Diagnostic Errors Need Urgent Fixes, Milestone Report Says
Posted by Howard Janet on November 20, 2015 in Medical Malpractice
In my practice I regularly represent people who have been misdiagnosed and, as a result, have suffered devastating consequences. I describe some of these horrific cases in my book, Navigating a Medical Malpractice Lawsuit: What You Need to Know.
Recently, the National Academies of Sciences (formerly the Institute of Medicine), in its first comprehensive look at outpatient visits, reported that most every American will be misdiagnosed by a doctor at some point in their lifetime, often with catastrophic results.
This should concern us all.
Outpatient Visits Examined
Improving Diagnosis in Health Care is the long-awaited follow-up to the IOM’s landmark report published in 1999, To Err Is Human, which shocked the nation when it reported as many as 98,000 people die of medical error in hospitals each year. (Newer estimates put that figure at 440,000 people each year). The latest Academy report synthesizes the results of earlier studies that focused on outpatient care, such as visits to family practice doctors, pediatricians and internists, and includes recommendations for change.
Among the earlier studies was one that estimated 1 of every 20 patients seen in doctors’ offices each year (about 12 million Americans) are misdiagnosed, and these errors contributed to at least 10% of all preventable patient deaths.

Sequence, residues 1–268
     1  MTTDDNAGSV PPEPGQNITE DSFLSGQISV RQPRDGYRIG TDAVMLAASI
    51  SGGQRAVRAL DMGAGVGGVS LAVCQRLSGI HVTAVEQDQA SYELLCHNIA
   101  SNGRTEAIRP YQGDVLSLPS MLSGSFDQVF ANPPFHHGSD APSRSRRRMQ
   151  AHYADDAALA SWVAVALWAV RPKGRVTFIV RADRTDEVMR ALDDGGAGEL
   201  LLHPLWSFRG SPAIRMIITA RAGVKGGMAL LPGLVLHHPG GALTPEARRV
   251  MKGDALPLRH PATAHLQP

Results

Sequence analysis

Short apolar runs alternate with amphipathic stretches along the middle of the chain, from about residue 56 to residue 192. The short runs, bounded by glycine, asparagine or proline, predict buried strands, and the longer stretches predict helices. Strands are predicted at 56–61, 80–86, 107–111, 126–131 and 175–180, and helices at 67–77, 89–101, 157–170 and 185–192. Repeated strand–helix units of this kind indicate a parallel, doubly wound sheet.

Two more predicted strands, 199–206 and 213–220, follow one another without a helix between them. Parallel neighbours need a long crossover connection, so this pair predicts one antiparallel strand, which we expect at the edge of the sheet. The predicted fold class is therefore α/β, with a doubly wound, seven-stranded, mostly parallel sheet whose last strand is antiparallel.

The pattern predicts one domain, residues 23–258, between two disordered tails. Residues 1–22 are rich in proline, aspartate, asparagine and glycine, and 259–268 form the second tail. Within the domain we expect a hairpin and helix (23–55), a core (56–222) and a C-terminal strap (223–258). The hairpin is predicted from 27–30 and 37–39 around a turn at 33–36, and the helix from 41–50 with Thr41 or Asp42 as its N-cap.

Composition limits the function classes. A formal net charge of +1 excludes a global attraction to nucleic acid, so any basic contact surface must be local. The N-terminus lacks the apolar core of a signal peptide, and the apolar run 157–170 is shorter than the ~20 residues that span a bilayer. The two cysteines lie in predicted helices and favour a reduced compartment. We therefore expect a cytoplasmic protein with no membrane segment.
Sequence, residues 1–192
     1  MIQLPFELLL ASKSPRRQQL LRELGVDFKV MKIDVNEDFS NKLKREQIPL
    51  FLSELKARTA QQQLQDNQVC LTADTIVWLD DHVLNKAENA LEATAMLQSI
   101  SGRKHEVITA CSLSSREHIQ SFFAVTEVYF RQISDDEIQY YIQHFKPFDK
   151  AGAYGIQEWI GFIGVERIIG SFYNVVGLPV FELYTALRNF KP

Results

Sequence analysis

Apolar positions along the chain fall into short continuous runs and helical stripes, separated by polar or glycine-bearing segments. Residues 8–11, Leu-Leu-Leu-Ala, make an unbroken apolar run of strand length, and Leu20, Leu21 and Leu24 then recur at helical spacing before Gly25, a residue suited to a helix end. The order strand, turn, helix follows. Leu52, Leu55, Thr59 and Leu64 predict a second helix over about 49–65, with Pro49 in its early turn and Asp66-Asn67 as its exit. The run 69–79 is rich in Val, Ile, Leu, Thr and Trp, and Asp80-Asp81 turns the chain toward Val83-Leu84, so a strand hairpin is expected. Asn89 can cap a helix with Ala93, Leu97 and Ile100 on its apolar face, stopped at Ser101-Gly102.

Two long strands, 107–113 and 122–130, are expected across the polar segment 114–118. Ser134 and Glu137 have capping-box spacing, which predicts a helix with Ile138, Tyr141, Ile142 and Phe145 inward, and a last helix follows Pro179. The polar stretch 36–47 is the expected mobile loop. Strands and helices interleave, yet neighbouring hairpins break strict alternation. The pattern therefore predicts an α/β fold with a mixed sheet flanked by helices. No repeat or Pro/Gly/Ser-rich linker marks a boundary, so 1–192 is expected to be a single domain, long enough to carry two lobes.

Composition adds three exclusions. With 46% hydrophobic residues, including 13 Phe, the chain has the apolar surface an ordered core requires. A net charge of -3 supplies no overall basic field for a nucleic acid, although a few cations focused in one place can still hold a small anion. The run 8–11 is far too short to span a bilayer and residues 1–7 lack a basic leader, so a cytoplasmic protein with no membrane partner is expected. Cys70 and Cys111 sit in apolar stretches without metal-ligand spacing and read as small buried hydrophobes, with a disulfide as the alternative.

Because I regularly represent the victims of misdiagnosis and other errors made by doctors and hospitals, these numbers are not particularly surprising to me. In fact, I suspect they are higher, something the study authors also concluded.
Commonly Misdiagnosed Conditions
What are some of those mistakes? Another earlier study published in JAMA Internal Medicine, identified the five most common conditions misdiagnosed by primary care doctors as pneumonia, heart failure, cancer, critical renal failure, and urinary tract infections.
I’ve successfully represented many cancer patients whose diagnosis was delayed so significantly that it was too late for the treatment that may have saved their lives.
Health Care System Must Change
According to Academy researchers, the problem of misdiagnosis arises from errors throughout the health care system, and not just bad doctors. Among their recommendations to prevent these errors is that doctors and other health care workers be encouraged to disclose knowledge of medical mistakes, including suspicions, and “near misses,” so that health care institutions and others can analyze these mistakes and develop ways to stop them from happening.
In my experience, this is one of the biggest flaws in our health care system, leading to some of the worst suffering. I often find that doctors and health care workers have attempted to cover up their mistakes. I also describe some of these instances in Chapter Two of my book, “Do Not Expect Doctors and Hospitals to Reveal Their Mistakes.”
Nurses often are afraid to report mistakes made by doctors. This culture of secrecy is well documented and injured patients pay the price.
Outpatient Reforms Urgently Needed
I welcome this new emphasis on preventing outpatient diagnostic mistakes. After the To Err is Humanreport came out, many hospitals began developing and implementing much needed reforms. If more of us are to stay out of the hospital, primary care physicians must do the same.
This latest report is a good start, admitting, as Yogi Berra once said, “We made too many wrong mistakes.”